Dulse Seaweed tastes just like bacon?
Interesting. I wasn’t sold on the idea, but hearing the recent buzz about this new “superfood”, my curiosity was piqued enough to give it a try.
I did some digging around on Google, read some blogs and other articles, and discovered quite a lot about this dulse seaweed, which I will share with you all in the following article.
First of all, this seaweed isn’t really new. Dulse (rhymes with “pulse”) seaweed has been eaten in some cultures for centuries. However, the particular strain of the plant that is causing all the attention, as a bacon-like tasting healthy food, is relatively new. For the past 20 years, researchers at Oregon State University have been working on a strain of the plant (which they now have patented) that grows rapidly and, yes – supposedly tastes like bacon when cooked!
This new strain is not only special because it tastes like bacon. It turns out, that all dulse tastes similar to bacon if cooked just the right way. What is so special about this strain is how exceptionally healthy it is for you.
The dulse recently developed, which, when dry, appears similar to red lettuce, is an excellent source of minerals, vitamins and antioxidants. Also, and get this – it contains up to 16 percent protein in dry weight!
According to the article I read:
“The original goal was to create a super-food for abalone, because high-quality abalone is treasured, especially in Asia,” Langdon pointed out. “We were able to grow dulse-fed abalone at rates that exceeded those previously reported in the literature. There always has been an interest in growing dulse for human consumption, but we originally focused on using dulse as a food for abalone.”
So, okay, I thought, the researchers sort of stumbled onto a superfood by accident. That happens. I still was not convinced, as a hard-core bacon lover, that some seaweed would be able to deliver the same yummy, smoky, salty, greasy culinary enjoyment as good old pork bacon.
I started shopping around locally and, even though I live in a rather cosmopolitan city, I soon discovered that:
Dulse Seaweed is not all that easy to find.
Then I remembered our very own online store, as an affiliate with Amazon.com, and there I located several different packaged options of dulse seaweed. So I bought two packs, one plain, and one smoked. Both dry.
When the packages arrived, I opened one and wrinkled my nose – the stuff smells quite funky!
Even “skunky” is a pretty good definition of what my nose reported to my brain. This stuff has a long way to go to compare to bacon, I thought.
Nevertheless, I pressed on, undaunted by the unsavory smell of the dry, raw product.
I read up on cooking methods, and learned the “best” way to prepare dulse seaweed, to get the desired bacon taste, is to fry it. Slather up both sides of the dried leaves with some olive oil, and pan-fry them. Do not use extra-virgin olive oil, as it has too strong of an olive flavor, which will interfere with the bacon-like flavor, I was informed.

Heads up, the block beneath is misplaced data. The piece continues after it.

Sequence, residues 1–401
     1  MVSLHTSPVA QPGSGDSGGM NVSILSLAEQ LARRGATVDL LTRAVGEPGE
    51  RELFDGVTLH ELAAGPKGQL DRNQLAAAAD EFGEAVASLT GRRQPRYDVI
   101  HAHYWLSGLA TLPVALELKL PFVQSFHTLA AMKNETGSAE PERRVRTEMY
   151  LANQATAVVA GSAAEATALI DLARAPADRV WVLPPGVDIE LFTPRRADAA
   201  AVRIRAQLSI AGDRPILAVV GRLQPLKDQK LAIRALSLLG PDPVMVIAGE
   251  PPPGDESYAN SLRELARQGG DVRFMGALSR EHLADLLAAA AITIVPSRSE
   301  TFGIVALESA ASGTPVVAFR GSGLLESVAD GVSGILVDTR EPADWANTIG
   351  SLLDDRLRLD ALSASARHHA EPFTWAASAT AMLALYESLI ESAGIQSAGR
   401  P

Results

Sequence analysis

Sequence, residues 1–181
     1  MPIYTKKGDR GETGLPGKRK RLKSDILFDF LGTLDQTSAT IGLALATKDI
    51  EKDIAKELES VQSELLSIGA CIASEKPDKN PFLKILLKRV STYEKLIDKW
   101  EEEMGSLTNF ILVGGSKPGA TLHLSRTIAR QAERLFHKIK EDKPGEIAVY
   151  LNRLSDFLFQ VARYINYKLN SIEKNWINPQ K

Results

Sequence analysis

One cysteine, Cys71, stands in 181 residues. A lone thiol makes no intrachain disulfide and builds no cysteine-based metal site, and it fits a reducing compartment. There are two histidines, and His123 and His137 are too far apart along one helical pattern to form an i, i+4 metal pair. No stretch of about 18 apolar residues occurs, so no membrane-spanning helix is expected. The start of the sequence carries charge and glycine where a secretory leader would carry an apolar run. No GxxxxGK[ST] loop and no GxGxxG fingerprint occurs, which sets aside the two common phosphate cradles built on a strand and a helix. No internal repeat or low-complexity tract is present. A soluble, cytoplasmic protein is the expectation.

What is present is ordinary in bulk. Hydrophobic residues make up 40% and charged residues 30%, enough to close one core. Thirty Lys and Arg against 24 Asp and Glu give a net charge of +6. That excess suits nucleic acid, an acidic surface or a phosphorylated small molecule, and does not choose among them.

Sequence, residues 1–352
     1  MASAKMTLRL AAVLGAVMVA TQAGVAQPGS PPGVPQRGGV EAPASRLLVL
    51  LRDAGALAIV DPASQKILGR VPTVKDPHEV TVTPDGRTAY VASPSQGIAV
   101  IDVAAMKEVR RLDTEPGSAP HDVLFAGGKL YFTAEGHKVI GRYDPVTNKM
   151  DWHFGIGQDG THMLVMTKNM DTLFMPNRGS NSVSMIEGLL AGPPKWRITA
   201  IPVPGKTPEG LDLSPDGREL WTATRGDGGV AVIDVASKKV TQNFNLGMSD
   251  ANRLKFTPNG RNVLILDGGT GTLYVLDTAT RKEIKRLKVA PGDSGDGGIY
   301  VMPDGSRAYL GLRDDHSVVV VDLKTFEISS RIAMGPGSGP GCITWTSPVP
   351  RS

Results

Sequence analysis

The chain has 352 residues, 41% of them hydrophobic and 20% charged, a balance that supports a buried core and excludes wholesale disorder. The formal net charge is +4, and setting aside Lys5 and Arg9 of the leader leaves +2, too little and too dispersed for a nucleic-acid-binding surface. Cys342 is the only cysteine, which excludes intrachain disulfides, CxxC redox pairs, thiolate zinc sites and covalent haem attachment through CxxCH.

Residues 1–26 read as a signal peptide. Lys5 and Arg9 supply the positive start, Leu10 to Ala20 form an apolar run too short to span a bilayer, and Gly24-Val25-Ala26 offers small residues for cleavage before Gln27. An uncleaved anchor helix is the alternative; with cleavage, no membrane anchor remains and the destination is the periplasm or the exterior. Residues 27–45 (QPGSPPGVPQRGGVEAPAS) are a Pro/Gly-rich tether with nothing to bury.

I did that, using two different pans – one for the plain and one for the smoked dulse. In just a “Snap, Crackle and Pop” later – like really fast – the stuff was done. Lo and behold, it did have a remarkably similar smell to bacon!
Well, at least the smoked dulse did – not so much the plain dulse. The color had changed from the reddish-brown to a dark, brownish green. I allowed it to cool down some, then popped a few leaves in my mouth for the acid test.
And? (Drum roll, please?)
Nah, it didn’t taste exactly like bacon.
Close, sure, but if you are looking for a true bacon substitute, something that actually fulfills all the cravings a true bacon lover has, this product will disappoint.
I tried it out on my wife, and the other two adults that live with us, and they all agreed. Pleasant, good taste – some said “delicious!” – nice texture and smell, but no way an exact match for bacon.
Feeling somewhat let down, I then considered how best to use it. Hey – I spent about $30 on the two packages, and its supposed to be such great healthy food, so … how best to make use of it?
They taste fine eaten like a potato chip, as a snack. That works. My wife suggested it would taste good crumbled up in salads, and also as an ingredient in a sandwich. We tried a few things, and she was right.
Dulse Seaweed tastes even better when used as an ingredient, than when eaten by itself.
I made a DLT (Dulse, Lettuce and Tomato) sandwich, and it was fabulous. A tossed salad with dulse is also a tasty use of it, we discovered.
I can imagine using it in omelets, baked dishes like lasagna, souffles, etc. Heck – might even be good tossed in with other healthy stuff in an energy smoothie!
I do recommend you only buy the smoked variety, though, if you are desiring the bacon-like qualities. The plain dulse just didn’t cut it for me.
Convinced and/or curious enough to give dulse seaweed a try? You can get some right here, at our online store. Just click here.
So that’s it for this post. Please leave a comment before you leave. Have you tried dulse seaweed? If so, what was your experience with it? Did you find it satisfying as a bacon substitute?
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